We also had a set of people working to get commands from the software to the CAN bus, to drive the vehicle. This involved testing the drive-by-wire interface (hardware and software) developed by PIX Moving, as well as writing code (ROS Twist and Velocity Node) to interface with it from Autoware. The CAN team was able to overcome numerous obstacles along the way, and we owe them a great deal for enabling the safe movement of the vehicles. The image below is of the PIX By-Wire kit Vehicle Control Unit (VCU) which was installed in the vehicles.

Once we could control the car and we had the point cloud map, we had to use a planner for navigation. We had two options again – the OpenPlanner in Autoware, which would use waypoint following and pure pursuit, or the Dynamic Planner (DP) which would be able to dynamically generate new paths in case of obstacles along the original path. We did use the OpenPlanner to test the vehicle and ensure it would be able to drive autonomously around the racetrack, but we also really wanted to get the DP Planner working so that we could clear the obstacle avoidance related challenges of pedestrian and bicycle detection.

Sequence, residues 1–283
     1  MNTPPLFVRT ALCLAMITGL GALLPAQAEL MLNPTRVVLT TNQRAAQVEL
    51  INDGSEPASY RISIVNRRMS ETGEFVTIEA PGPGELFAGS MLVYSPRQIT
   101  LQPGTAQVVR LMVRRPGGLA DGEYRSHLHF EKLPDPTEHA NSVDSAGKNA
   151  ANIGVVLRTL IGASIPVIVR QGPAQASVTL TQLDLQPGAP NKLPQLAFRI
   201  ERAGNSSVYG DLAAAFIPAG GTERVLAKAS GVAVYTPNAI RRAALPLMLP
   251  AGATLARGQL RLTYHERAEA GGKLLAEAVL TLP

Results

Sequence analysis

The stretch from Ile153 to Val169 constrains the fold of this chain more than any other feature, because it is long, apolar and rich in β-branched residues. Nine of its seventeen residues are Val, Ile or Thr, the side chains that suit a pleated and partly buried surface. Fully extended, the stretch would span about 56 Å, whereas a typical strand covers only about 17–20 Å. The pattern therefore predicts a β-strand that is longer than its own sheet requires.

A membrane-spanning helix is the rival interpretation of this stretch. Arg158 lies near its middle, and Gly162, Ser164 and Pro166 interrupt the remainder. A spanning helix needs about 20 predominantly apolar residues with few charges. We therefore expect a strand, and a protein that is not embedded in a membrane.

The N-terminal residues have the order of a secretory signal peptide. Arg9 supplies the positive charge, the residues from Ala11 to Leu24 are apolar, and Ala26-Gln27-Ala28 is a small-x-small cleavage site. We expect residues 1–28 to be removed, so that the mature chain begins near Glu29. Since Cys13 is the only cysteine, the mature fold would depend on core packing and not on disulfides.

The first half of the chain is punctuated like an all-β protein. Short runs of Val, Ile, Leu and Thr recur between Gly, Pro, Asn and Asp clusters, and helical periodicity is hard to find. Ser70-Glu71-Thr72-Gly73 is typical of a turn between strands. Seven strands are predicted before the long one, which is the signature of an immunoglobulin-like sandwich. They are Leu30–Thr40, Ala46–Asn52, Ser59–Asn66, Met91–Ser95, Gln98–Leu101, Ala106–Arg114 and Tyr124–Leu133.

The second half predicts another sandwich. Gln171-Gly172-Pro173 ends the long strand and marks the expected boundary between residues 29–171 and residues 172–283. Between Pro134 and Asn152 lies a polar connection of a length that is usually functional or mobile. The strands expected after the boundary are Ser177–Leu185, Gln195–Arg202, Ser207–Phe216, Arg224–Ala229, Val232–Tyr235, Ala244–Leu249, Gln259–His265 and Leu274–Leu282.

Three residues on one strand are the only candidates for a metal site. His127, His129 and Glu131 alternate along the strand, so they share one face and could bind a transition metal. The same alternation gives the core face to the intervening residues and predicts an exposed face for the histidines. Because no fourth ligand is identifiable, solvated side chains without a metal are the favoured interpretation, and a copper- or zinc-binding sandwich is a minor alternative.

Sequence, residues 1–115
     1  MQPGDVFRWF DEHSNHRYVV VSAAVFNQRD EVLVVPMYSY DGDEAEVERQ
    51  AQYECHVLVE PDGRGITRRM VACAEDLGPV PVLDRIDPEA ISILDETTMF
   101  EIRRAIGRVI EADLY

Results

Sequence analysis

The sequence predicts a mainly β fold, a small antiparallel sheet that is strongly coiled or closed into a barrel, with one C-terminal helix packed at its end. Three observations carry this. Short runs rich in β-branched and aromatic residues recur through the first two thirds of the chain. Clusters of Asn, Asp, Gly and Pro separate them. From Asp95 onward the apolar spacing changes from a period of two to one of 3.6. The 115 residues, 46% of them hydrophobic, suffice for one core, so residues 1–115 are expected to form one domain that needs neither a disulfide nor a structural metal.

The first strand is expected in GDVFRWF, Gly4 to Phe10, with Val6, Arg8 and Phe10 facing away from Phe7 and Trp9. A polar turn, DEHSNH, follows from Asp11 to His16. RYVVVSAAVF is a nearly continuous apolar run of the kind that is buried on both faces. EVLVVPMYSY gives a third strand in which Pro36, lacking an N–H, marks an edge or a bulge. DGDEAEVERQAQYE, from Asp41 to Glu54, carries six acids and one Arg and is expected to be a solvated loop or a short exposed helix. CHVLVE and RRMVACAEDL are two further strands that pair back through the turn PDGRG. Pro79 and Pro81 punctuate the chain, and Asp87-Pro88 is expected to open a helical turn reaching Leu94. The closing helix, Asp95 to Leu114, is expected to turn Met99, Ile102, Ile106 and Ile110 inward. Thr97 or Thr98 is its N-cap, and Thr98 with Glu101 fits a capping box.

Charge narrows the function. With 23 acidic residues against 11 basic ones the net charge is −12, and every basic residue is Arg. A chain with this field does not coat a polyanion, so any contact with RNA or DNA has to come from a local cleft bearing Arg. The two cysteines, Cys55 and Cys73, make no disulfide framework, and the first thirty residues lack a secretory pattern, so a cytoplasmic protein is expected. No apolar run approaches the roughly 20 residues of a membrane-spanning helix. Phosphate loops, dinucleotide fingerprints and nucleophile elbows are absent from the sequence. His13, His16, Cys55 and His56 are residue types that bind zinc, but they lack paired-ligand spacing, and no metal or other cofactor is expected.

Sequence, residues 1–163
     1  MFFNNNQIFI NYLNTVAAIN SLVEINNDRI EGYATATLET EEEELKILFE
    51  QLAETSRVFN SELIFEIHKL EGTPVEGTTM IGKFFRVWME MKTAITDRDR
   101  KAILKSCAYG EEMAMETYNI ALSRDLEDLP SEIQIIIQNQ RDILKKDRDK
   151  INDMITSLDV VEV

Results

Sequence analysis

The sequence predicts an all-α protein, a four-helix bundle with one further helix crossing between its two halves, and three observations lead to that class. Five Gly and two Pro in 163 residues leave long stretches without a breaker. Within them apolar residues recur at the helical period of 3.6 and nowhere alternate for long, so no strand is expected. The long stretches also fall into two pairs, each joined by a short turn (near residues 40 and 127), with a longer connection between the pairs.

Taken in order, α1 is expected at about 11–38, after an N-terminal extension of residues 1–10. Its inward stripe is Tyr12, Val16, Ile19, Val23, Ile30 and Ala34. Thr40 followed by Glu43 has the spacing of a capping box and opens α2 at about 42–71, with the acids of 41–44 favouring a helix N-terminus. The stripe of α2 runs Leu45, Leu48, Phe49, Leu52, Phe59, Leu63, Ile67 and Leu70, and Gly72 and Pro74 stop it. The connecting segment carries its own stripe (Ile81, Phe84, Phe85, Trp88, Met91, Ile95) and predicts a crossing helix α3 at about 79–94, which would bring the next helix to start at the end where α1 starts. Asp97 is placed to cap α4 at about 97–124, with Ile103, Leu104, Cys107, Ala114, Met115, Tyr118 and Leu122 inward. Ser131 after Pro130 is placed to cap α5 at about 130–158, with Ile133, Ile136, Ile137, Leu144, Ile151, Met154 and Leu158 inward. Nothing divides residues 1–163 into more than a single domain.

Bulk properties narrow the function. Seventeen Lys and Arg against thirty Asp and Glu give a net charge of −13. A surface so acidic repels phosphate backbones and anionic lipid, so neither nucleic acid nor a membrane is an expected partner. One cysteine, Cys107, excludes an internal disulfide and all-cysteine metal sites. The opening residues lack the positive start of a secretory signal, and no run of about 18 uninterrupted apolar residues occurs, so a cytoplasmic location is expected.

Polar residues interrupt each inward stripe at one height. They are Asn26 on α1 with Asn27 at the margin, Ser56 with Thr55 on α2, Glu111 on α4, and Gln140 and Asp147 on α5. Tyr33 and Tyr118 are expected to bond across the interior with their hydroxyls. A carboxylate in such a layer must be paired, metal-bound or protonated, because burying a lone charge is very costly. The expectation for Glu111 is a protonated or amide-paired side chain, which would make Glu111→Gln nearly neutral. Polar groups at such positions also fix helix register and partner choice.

To detect the checkered flag, we tried a variety of classical computer vision approaches, since it would take time to train a deep learning based classifier. We had a picture of the flag and tried to use SIFT/SURF based features, but it created many false positives due to the abundance of corners in any image, as well as in the actual flag. We requested the organizers to replace the flag, which is fluid and hence difficult to detect, with a rigid checkerboard. We then tried thresholding and simple blob detection in OpenCV, which gave really good results. Similarly for the signs (bus, fuel stop, construction, accident zone), we used simple colour thresholding and contour detection and we were able to detect the signs very well, with few false negatives/positives. We classified them using the SSIM measure with the template image.